Abstract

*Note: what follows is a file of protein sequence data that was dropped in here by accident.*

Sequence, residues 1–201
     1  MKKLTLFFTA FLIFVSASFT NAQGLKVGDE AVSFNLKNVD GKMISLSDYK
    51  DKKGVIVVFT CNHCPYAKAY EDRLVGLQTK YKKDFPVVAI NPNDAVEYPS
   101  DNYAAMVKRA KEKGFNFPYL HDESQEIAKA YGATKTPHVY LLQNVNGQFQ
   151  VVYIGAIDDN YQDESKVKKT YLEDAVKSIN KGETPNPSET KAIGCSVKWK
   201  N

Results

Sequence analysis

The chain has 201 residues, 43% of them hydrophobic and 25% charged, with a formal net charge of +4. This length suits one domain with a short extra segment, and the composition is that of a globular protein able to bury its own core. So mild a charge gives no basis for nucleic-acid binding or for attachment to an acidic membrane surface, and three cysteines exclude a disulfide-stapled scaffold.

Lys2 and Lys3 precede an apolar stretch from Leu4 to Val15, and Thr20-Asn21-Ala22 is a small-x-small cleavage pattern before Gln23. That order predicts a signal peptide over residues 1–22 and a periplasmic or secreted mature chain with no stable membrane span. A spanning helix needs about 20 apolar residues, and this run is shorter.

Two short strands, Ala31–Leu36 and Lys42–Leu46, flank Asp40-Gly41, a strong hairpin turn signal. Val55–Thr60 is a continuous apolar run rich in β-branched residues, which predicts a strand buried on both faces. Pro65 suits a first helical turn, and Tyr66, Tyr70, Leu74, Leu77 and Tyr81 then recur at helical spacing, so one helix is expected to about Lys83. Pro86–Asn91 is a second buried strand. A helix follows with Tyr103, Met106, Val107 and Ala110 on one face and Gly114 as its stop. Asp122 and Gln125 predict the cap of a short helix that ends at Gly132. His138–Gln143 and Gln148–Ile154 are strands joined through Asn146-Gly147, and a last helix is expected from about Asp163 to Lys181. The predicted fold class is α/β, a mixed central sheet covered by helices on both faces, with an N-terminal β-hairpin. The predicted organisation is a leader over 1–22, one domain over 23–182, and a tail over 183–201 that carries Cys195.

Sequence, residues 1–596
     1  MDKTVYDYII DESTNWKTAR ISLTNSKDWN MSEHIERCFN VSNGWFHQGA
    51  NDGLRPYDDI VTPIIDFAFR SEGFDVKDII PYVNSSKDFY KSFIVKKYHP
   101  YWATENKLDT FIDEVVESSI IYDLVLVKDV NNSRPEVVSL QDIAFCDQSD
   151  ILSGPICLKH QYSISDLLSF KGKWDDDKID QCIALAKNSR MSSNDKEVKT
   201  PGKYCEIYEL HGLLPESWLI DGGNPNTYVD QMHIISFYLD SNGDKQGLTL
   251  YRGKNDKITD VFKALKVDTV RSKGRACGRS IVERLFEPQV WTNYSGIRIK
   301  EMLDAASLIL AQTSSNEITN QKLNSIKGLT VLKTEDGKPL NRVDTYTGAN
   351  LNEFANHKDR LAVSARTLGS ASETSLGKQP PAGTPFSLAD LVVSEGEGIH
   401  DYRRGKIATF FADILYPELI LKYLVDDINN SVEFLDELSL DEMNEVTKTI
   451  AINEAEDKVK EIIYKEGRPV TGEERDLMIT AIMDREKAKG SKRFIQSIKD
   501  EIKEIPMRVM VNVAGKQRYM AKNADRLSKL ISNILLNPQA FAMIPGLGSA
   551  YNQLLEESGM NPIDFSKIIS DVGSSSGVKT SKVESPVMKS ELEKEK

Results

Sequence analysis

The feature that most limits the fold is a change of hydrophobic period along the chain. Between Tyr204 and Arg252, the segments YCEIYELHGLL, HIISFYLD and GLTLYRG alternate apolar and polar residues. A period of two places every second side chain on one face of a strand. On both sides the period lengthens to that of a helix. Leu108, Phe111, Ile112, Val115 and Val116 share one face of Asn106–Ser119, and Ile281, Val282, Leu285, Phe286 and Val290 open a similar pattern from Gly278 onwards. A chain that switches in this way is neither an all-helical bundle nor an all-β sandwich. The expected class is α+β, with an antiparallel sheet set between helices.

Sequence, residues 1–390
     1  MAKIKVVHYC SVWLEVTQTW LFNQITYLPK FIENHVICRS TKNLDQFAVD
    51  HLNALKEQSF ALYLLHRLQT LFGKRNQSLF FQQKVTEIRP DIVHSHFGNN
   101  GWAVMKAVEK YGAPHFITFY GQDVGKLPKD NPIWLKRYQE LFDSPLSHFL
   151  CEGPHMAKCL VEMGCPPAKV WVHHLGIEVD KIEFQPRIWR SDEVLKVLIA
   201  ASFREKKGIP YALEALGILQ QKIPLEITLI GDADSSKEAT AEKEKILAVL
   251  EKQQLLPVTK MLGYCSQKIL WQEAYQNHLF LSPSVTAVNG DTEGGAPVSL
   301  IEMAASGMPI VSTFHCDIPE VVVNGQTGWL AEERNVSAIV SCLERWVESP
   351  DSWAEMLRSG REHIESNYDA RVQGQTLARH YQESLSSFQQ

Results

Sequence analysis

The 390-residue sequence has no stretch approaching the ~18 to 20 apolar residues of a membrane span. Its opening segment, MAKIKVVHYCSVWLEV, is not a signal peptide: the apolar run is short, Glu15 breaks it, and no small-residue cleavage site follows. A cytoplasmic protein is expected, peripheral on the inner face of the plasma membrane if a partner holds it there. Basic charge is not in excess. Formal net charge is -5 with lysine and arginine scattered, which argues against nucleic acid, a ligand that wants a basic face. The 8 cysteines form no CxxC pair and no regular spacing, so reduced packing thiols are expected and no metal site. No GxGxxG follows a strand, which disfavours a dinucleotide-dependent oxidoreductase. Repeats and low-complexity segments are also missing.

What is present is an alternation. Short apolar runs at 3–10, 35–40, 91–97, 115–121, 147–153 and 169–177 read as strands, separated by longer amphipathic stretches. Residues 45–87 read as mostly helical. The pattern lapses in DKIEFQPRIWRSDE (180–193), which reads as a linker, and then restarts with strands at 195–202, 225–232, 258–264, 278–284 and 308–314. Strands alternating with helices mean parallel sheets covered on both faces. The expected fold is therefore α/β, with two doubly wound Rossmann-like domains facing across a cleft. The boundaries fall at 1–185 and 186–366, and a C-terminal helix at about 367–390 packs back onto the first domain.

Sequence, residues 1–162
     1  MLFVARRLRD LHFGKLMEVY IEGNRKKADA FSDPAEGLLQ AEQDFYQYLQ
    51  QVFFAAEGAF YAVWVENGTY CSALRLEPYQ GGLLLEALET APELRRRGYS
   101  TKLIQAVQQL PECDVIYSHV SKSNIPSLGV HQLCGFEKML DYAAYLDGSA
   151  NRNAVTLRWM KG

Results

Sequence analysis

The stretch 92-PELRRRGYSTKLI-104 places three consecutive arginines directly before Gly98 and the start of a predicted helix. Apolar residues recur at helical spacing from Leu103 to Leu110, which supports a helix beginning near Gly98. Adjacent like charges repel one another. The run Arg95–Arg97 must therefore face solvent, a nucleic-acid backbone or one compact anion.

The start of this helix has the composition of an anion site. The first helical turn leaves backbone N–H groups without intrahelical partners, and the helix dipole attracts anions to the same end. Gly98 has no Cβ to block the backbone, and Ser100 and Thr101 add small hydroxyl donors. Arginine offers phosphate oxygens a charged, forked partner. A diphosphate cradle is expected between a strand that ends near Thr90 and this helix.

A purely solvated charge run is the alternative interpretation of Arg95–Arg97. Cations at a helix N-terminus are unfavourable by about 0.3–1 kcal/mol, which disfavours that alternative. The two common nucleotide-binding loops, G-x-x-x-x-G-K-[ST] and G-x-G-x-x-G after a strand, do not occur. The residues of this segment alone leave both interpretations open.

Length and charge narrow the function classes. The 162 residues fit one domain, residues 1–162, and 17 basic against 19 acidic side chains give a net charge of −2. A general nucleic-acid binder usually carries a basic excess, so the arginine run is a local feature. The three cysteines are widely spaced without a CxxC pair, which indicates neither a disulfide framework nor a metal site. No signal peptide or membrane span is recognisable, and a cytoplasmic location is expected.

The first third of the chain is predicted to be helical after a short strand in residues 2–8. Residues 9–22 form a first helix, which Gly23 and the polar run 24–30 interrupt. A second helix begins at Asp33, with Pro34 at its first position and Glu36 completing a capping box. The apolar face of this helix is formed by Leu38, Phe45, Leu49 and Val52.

Previous randomized trials evaluating the benefit of high-dose Melphalan and ASCT for MM patients receiving conventional induction chemotherapy have demonstrated that patients who achieve either a CR or VgPR post transplant have a superior PFS and overall survival (OS) compared to those who do not. We report on our 6-year experience comparing the outcome benefit of newly diagnosed MM patients who received either conventional VAD versus IMiDs based induction pre-transplant therapy and the impact on response on 112 consecutive patients transplanted between 5/2002 through 2/2008. The median age was 58 years (33–74). Disease status was Stage III in 92 (82%), Stage II in 11 (10%) and Stage in 9 (8%) patients. Conventional VAD induction chemotherapy was administered pre-transplant in 36 patients and IMiDs (thalidomide, lenalidomide) based therapy in 76 patients. Single ASCT was administered in 78 patients and Tandem ASCT in 34 patients (8 received conventional therapy and 26 received IMiDs, p=NS). Pre-transplant achievement of CR/VgPR was observed in 1/36 (1%) of patients receiving VAD chemotherapy and in 15/76 (20%) of patients receiving IMiDs (p=.017). Post-transplant, 5/36 (14%) patients that received VAD conventional therapy and 39/76 (51%) that received IMiDs achieved CR/VgPR (p=.002). Patients that entered into a CR/VgPR had both a superior PFS and OS (Median PFS 1,118 days vs. 670 days, p=.02/HR.49; Median OS “Not achieved” vs. 1,387 days, p=.05/HR 0.36). Single vs. Tandem transplant had no impact on outcome. These observations support the use of IMiDs as pre-transplant induction therapy over historical VAD chemotherapy.